The Outstater: OK, Now Let’s Try Political Character
POLITICAL UNITY is perhaps the most impossible of human goals. There is no combination of policies on the table in front of us that would achieve it. But the Devil, as a new GOP leadership will soon discover, loves an impossible task. He will have his snare and compromises ready.
A veteran political observer, William Murchison, has a strategy for that. He suggests Republican not put their hope in finely calculated policy initiatives or even parliamentary maneuver. He suggests selecting leaders who embody the American character rather than the Washington one.
“The political apparatus — a well-paying, prestige-endowing enterprise — pays and praises men and women who promise to do the impossible. But the strength of any peaceable, prosperous, self-sustaining society lies in the character of its people — not in laws that, at their best and wisest, merely reflect that character.”
Murchison goes on to say that politicians today do not teach the important things. Rather, they are salesmen of the impossible, “looking for new benefits to tout and new dangers to expose and warn against as they volunteer to fix everything for us.”
Dr. Stephen M. King, an adjunct scholar of this foundation, has said much the same in articles for us over the years. His work in political science predicts that the just-elected crop of politicians will discover “they aren’t facing policy problems so much as spiritual ones.”
Dr. King’s spiritual impetus is directed more to the motivation of civil service in this context than to a Divine Creator. And when we define “spiritual” thus broadly — an unconcern for material values or sinecure — we can see the cumulative abdication, Republican and Democrat, that is Washington or, for that matter, Indianapolis.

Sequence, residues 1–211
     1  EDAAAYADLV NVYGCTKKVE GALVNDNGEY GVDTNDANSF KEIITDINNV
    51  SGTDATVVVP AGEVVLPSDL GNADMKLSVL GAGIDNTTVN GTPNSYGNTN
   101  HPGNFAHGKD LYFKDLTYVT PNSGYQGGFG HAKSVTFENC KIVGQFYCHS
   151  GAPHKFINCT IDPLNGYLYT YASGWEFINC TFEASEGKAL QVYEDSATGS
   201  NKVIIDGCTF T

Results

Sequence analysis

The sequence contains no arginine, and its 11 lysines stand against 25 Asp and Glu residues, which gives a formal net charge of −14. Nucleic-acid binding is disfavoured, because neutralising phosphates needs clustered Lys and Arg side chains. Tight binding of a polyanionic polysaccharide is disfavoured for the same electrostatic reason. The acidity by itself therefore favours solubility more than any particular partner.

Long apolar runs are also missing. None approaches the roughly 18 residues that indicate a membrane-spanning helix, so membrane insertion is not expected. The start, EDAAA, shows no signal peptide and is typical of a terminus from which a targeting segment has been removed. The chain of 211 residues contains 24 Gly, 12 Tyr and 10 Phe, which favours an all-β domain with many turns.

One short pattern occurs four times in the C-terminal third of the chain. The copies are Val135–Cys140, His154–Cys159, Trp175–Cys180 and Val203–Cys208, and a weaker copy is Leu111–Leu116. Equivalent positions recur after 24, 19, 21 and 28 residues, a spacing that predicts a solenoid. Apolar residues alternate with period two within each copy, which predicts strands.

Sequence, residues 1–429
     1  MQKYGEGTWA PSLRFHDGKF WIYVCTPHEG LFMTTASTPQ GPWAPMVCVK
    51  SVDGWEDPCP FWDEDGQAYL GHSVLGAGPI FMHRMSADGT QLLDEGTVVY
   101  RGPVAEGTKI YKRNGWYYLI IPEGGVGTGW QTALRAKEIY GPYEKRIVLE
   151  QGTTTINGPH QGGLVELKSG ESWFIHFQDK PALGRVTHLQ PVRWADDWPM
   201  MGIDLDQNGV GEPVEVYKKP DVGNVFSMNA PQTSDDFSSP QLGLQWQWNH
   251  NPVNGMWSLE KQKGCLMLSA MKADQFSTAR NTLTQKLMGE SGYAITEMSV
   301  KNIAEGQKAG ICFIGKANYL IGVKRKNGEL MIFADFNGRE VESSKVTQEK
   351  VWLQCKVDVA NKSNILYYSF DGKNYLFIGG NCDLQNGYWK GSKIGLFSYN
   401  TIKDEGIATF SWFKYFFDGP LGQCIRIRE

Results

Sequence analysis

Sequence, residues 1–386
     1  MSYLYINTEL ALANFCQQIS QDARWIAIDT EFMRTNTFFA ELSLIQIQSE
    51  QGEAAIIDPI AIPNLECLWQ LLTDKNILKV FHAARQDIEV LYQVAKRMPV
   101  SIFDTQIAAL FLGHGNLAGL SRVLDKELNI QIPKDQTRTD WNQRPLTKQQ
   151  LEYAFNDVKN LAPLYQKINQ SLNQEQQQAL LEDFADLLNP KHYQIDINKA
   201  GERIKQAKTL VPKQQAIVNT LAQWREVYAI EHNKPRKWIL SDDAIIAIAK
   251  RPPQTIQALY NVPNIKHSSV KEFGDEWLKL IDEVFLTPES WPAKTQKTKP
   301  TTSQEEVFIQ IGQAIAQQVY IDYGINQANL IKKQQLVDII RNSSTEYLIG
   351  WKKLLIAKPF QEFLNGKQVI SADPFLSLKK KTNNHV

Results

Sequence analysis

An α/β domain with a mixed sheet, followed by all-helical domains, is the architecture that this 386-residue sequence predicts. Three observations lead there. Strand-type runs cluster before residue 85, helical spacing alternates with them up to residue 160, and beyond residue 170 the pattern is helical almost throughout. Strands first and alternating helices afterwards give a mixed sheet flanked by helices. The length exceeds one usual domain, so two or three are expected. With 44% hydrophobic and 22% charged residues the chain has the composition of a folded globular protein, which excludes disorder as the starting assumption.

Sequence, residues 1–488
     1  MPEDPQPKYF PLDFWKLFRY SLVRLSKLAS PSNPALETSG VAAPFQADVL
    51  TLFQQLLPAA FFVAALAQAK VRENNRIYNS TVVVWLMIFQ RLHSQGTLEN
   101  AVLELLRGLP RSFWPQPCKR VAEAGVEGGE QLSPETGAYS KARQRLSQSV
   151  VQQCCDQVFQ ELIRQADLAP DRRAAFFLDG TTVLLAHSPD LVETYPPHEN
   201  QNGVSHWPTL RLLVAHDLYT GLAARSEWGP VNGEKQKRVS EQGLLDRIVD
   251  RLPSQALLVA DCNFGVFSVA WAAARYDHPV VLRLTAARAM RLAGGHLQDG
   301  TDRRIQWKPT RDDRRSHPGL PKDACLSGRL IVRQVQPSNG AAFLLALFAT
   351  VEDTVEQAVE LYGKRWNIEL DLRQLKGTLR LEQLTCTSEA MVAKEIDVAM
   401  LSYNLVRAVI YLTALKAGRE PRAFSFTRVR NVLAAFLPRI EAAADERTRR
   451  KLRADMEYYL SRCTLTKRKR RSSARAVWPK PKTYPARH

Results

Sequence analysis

What did it for me, though, was a weekend viewing of a classic Western parody, specifically the scene in “Blazing Saddles” where Mel Brooks as Gov. William J. Le Petomane exhorts his sycophants to action:
“Holy Underwear! Sheriff murdered! Innocent women and children blown to bits! We have to protect our phony baloney jobs here, gentlemen! We must do something about this immediately!”
Brooks, for comedic purposes, was rejecting character for posture. Hoosiers have been making a similar choice for a generation now but without the humor. The profile of the typical legislator gradually changed from a friend and neighbor sincerely representing our interests to an attorney perfunctorily relating those interests for a fee.
We now have lost any expectation that officialdom shares our moral or even political convictions. Such amoral representation, however diverse, cannot sustain a constitutional republic. So says Washington Post columnist George Will, who would revive the call for term limits on that basis alone:
“Congress increasingly attracts people uninterested in reversing its institutional anemia. They are undeterred by — perhaps are attracted by — the fact that they will not be responsible for important decisions such as taking the nation into war. And as Congress becomes more trivial, its membership becomes less serious. It has an ever-higher portion of people who are eager to make increasingly strenuous exertions to hold offices that are decreasingly consequential.”
For as elected representatives come to think of their jobs as precious, they come to eschew any action, however critical, that would endanger their retention — particularly if it involves standing up for a constituency with more than words. There is a need, you see, to protect us not only from those who would abuse power but also from those who would merely sit on it.
So wave election or not, Republicans would be wise to insist that the goals of this next political cycle be based on character in public office, about serving and representing others — not, in the words of Dr. King, “about partisan wrangling to advance a career or even taming that perpetual bureaucratic beast.”
Otherwise, they too will find themselves in the shoes of a Barack Obama — facing one crisis after another, from terrorism to Ebola, joining Gov. Le Petomane in making policy off the cuff, in appealing to the Holy Underwear.
— Craig Ladwig